Early last week, the Czar and the Цесаревич were discussing ribs, and we both agreed that it was time to smoke up some babybacks. Sunday, August 4th, would be a good day as we had nothing scheduled and ribs, done correctly, take a good portion of the day.
Saturday morning, the Czar heard from Ghettoputer that he, too, would be doing ribs on Sunday. What a perfect opportunity to live-Tweet the event. Both of us kept our readers aware of each step along the way. Due to popularity of the stunt, the Czar thought he would provide his step-by-step directions.
We bought three racks of Hormel baby back ribs at a nearby grocery, about $9 a rack. They have meatier, less fatty, and far more expensive ribs but the Czar does not need to waste the money. He can turn these into edible gold. Besides, the fat drips off, leaving more succulent meat than the monster rib racks can provide.
At 9:30am, Sunday morning, the Czar took about six-to-eight chunks of hickory wood and placed them into a deep, aluminum foil pan. He poured water over them until the pan was about filled; we continued to roll the wood pieces around until wet on all sides and let them sit.
Okay, so here is our smoker. It is a 22.5-inch Weber water smoker. It has no digital anything. There are a number of parts to it that may not be obvious: a half-dome lid, a central portion with a door, and a bottom half-dome.
The middle portion contains two grill racks (and upper and lower so you can cook multiple foods at once). Below the bottom rack is a metal bowl that sits above the coals. The coals are piled into the bottom half-dome, like a regular Weber grille. If you lift the middle section, the racks and bowl all come along for the ride.
The Czar took off the smoker lid and placed it on the ground. He then picked the middle portion of the smoker right off the little hemispherical bottom and set it aside.
The Czar needed to light the coals first; we prefer a chimney starter. You begin by spraying some non-stick cooking spray onto some non-colored newspaper. You roll those into paper tubes and coil them inside the bottom of the starter until fairly well stuffed.
Fill the upper part of the chimney starter with charcoal. Never use the kind that has the lighter fluid built in, unless you want to ingest gasoline. Use dry, 100% pure charcoal, please.
Take a match and light the newspaper at 3 or 4 places and put the starter into the bottom half-dome. It will begin smoking right away as the burning newspaper slowly burns away the cooking spray. The Czar waits about 15 minutes until he sees an orange-yellow glow in the middle of the coals.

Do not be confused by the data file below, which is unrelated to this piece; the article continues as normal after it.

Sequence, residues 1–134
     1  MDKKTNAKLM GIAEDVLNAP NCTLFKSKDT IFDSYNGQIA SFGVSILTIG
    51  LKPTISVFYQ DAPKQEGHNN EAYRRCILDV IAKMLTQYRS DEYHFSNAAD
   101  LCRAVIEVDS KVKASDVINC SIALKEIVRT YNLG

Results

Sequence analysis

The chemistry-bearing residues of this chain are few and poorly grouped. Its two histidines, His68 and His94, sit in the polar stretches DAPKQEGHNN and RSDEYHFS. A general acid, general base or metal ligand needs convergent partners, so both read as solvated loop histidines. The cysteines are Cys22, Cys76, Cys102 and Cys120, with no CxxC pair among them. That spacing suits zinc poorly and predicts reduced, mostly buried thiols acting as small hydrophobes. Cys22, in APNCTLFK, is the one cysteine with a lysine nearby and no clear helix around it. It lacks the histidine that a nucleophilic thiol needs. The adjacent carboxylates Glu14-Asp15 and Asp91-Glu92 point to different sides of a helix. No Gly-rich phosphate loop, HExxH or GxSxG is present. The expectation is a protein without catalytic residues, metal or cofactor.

At about 9:50, the Czar went to prepare the ribs!
Smoke continued to billow out of the starter, so we safely placed the starter upright onto the grate inside the lower half-dome.
We took the ribs out of the refrigerator and sliced each of the three plastic bags, allowing the blood to drain right into the sink. You have to be used to blood when you are a Czar, so this has never been an issue; however, the Czar will spare you that photo.
The drained ribs are placed on a metal sheet pan. With a sharp knife, turn the ribs over and look for the membrane. Rib membranes are thin, sinewy sheets. If you get the corner up, peel it right off the ribs like you were pulling an Obama-Biden bumper sticker off a Prius. Sometimes, though, you need the knife to slice off the stubborn pieces of membrane. Pitch this in the trash where the dog wont steal it.
Now you put on the rub. The Czar uses his left hand to sprinkle barbecue rub on the ribs while spreading the rub on the raw pork with his right hand. This makes sure that the unused rub is never contaminated by pork blood.
Do you have a favorite barbecue rub? The Czar uses one developed by the great Steven Raichlen. Here is his recipe, which makes a full cup of rub (enough to last a long time) and costs pennies to make:
Thats all there is. Store it for a year or more in a plastic, sealable container. We use it on chicken, pork, and even steak. Or you can spend eight bucks on a small-bottle commercial brand that uses the same stuff. Its up to you.
Be sure to get the top, underside, and the side edges of the ribs! When done, let them sit for a couple of minutes.
Meantime, your coals should be ready. Pay attention, because this part goes fast. At 10:00am, the Czar saw the coals were glowing a wonderful orange-cherry-yellow. He picked up the starter and poured them right into the bottom of the half-dome.
Then, we poured another heap of unlit coals on top of the lit ones. As the lit ones burn, they will light the unlit ones for you.
Almost immediately, we took three pieces of soaked hickory woodit has been in the water the entire timeand chucked them onto the unlit coals.